Blue Note New York
Bombino plus Etran De L’Aïr at Sony Hall

    Blue Note Jazz Festival

    • Bombino

      Guitar luminary + Tuareg folk hero Omara “Bombino” Moctar knows the nomadic life well. Being constantly on the road for his music while also perpetually on the move throughout the Sahel region of Africa is the norm. So when the pandemic brought the world to a screeching halt, Bombino found himself in an unfamiliar space: being in one place. “I’m used to traveling virtually every week and then I was locked down for two years,” he says from his home in Niamey, the capital of Niger. “On the positive side, I get back in touch with my home and spend real time there with my family for the first time in a long time.” What resulted was the follow-up to 2018’s Deran, a record that turned Bombino into the first-ever Grammy-nominated artist from Niger. This new collection of songs, entitled Sahel after the African region spanning East-West from the Atlantic Ocean to the Red Sea, is Bombino’s most personal, powerful, and politically-minded work to date. It’s also his most sonically diverse, a quality he set out to achieve from the start, and one that is meant to directly mirror the complex tapestry of cultures and people that make up the Sahel region itself. He says, “the general plight of the Tuareg is always on my mind and while I’ve addressed it in my music all along, I wanted to give it a special focus on this album.” To bring the songs to life, Bombino worked closely with Welsh producer/ mixer David Wrench (David Byrne, Frank Ocean, Caribou, Goldfrapp, Erasure,The xx, Sampha), decamping with his bandmates to a studio in Casablanca for ten days to lay down the album. “Bombino’s an incredible musician, easily one of the best musicians I ever worked with,” Wrench says with fondness of seeing the Tuareg guitarist up close. “What he does looks effortless, but it's so complex. It’s such a refined style, it’s so him, it’s unique. It contains all this history in it, it’s amazing.” The feeling is mutual. While Bombino has been fortunate to have sympathetic guitarists like Dan Auerbach and David Longstreth sit in the producer’s chair in the past, Wrench provided a new level of expertise. “What I love about working with David is just how incredibly fine-tuned his ear is, how incredibly focused he gets in the studio,” Bombino says. “Nothing escapes him. Even the tiniest little things would grab his attention and he would put great focus into the smallest details of the sound.” Time and time again, Wrench would watch Bombino blaze through an amazing take in the studio, then go right back “and double-track it and it’s just perfect. He’s operating on some different level somewhere.” The ten songs that comprise Sahel range in theme from the plight of the Tuareg to the ache of lost love to the follies of youth. Opener “Tazidert” preaches patience even as the music itself urges you to stand up and move. The driving “Aitma” features Bombino’s sparks-spraying guitar pyrotechnics, punctuated by howling ululations. It’s a call-to-arms delivered in his native Tamasheq. “Let's defend our people because we are the same regardless of our geographical position,” he says as he shouts out the Tuareg throughout the region. He explains: “When you look at the situations in each of the five countries that make up the Sahel (Libya, Algeria, Mauritania, Mali, and parts of Burkina Faso), the Tuareg people are not represented in these governments.” And only recently did that situation change in Niger. Sahel looks forward and to the past, a mix of new and old songs, but each one of them resonated with Bombino for one reason or another. “A lot of bands go into the studio with a set of tracks that they’ve rehearsed, but that’s not how Bombino works,” Wrench says. “He goes with what he’s feeling at the time and it’s a much more instinctive way of recording. He’s drawing from this memory of these hundreds of songs he’s written. He pulls from that well of his own work and the history of his culture; he pulls out of that what he feels is right.”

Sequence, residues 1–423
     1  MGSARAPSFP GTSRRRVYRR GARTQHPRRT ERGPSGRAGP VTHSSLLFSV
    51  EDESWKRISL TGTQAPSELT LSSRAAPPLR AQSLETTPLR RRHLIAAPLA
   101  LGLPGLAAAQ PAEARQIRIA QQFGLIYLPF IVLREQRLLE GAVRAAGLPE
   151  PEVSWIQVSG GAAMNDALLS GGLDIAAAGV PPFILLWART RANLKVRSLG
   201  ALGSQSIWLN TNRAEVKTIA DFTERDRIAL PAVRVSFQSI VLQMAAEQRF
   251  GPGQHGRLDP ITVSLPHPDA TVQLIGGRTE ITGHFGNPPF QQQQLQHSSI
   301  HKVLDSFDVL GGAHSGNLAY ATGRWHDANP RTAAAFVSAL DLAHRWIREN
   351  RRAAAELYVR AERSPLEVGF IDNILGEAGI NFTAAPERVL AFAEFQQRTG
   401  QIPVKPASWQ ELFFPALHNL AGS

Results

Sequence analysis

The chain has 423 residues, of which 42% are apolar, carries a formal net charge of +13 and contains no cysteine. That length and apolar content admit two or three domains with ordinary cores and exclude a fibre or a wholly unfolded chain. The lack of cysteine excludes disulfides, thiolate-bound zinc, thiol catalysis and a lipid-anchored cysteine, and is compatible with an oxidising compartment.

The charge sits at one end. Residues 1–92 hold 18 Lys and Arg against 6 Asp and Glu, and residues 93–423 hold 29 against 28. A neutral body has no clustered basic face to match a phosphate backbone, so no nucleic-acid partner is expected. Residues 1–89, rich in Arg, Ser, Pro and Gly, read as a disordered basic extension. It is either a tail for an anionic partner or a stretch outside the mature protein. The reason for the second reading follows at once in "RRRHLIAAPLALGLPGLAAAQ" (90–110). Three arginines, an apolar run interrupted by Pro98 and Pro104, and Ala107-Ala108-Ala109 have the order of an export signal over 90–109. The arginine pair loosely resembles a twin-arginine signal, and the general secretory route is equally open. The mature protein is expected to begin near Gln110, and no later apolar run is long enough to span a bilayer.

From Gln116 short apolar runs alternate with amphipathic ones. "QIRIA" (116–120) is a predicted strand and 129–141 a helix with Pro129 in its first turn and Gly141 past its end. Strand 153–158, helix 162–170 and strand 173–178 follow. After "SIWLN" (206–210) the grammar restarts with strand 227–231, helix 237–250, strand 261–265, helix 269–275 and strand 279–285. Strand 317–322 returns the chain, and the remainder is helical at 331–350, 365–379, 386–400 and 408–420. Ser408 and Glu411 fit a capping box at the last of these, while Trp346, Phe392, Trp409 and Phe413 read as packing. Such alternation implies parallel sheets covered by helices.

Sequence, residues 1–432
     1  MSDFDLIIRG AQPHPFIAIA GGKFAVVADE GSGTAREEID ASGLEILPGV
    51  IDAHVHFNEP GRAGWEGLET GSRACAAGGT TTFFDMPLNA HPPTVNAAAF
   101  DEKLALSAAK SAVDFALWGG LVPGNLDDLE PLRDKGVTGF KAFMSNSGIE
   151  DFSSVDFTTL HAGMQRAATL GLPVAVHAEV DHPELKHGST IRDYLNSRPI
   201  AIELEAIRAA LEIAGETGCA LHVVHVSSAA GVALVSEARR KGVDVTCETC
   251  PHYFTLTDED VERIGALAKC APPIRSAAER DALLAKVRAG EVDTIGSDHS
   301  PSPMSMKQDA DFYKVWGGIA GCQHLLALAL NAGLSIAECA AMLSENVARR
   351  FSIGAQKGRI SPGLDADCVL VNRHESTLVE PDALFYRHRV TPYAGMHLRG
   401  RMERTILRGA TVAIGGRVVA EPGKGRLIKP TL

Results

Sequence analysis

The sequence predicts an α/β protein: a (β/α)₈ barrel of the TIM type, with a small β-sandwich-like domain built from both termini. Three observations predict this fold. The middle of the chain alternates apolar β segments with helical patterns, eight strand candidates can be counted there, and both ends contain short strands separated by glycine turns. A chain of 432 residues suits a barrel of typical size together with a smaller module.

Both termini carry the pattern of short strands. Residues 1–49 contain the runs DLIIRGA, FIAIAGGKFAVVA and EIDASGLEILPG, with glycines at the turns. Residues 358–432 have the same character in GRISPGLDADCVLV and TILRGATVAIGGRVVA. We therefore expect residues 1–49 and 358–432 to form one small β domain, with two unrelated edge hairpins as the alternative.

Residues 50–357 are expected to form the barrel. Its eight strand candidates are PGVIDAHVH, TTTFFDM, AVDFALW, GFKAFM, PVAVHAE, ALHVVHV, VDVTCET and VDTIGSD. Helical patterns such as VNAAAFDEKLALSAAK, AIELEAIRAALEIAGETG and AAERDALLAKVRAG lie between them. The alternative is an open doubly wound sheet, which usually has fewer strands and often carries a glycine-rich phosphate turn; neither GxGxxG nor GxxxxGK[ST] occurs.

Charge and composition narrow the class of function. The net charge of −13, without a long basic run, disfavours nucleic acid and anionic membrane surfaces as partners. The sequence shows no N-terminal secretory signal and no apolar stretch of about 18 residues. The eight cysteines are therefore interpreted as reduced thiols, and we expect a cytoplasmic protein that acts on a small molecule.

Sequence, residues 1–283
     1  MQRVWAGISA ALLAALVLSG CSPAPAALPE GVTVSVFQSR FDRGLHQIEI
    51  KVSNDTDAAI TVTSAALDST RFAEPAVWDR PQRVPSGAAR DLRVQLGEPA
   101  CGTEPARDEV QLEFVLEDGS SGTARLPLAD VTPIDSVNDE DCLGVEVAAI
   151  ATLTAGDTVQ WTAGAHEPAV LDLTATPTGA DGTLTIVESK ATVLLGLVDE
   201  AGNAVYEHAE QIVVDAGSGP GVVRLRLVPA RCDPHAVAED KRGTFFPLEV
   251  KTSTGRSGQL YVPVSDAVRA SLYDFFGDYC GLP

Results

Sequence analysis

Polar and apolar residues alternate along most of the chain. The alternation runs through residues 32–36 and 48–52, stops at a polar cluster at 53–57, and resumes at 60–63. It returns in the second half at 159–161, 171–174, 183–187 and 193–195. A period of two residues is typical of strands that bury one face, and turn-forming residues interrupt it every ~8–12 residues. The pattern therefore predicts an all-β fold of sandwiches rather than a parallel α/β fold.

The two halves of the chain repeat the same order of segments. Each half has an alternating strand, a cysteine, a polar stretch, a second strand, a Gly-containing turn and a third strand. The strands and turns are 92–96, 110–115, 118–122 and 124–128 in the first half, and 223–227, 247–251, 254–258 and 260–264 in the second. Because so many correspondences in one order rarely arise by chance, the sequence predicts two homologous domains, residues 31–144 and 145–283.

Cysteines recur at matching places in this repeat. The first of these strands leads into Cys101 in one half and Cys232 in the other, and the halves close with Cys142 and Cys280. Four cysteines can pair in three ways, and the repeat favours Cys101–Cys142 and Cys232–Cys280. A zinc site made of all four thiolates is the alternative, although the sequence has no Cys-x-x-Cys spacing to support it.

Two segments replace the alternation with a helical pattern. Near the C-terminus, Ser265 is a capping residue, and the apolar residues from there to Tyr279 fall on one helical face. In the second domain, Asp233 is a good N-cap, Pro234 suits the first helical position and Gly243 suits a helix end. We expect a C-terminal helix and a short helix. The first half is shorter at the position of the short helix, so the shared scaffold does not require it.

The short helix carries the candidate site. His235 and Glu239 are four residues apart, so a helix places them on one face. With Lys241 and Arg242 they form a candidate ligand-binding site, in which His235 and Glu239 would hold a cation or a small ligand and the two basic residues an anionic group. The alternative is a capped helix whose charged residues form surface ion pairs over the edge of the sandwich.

• Etran De L’Aïr

      Etran de L’Aïr (or “stars of the Aïr region”) welcomes you to Agadez, the capital city of Saharan rock. Playing for over 25 years, Etran has emerged as stars of the local wedding circuit. Beloved for their dynamic repertoire of hypnotic solos and sun schlazed melodies, Etran stakes out a place for Agadez guitar music. Playing a sound that invokes the desert metropolis, “Agadez” celebrates the sounds of all the dynamism of a hometown wedding. Etran is a family band composed of brothers and cousins, all born and raised in the small neighborhood of Abalane, just in the shadow of the grand mosque. Sons of nomadic families that settled here in the 1970s fleeing the droughts, they all grew up in Agadez. The band was formed in 1995 when current band leader Moussa “Abindi” Ibra was only 9 years old. “We only had one acoustic guitar,” he explains, “and for percussion, we hit a calabash with a sandal.” Over the decades, the band painstakingly pieced together gear to form their band and built an audience by playing everywhere, for everyone. “It was difficult. We would walk to gigs by foot, lugging all our equipment, carrying a small PA and guitars on our backs, 25 kilometers into the bush, to play for free…there’s nowhere in Agadez we haven’t played.”

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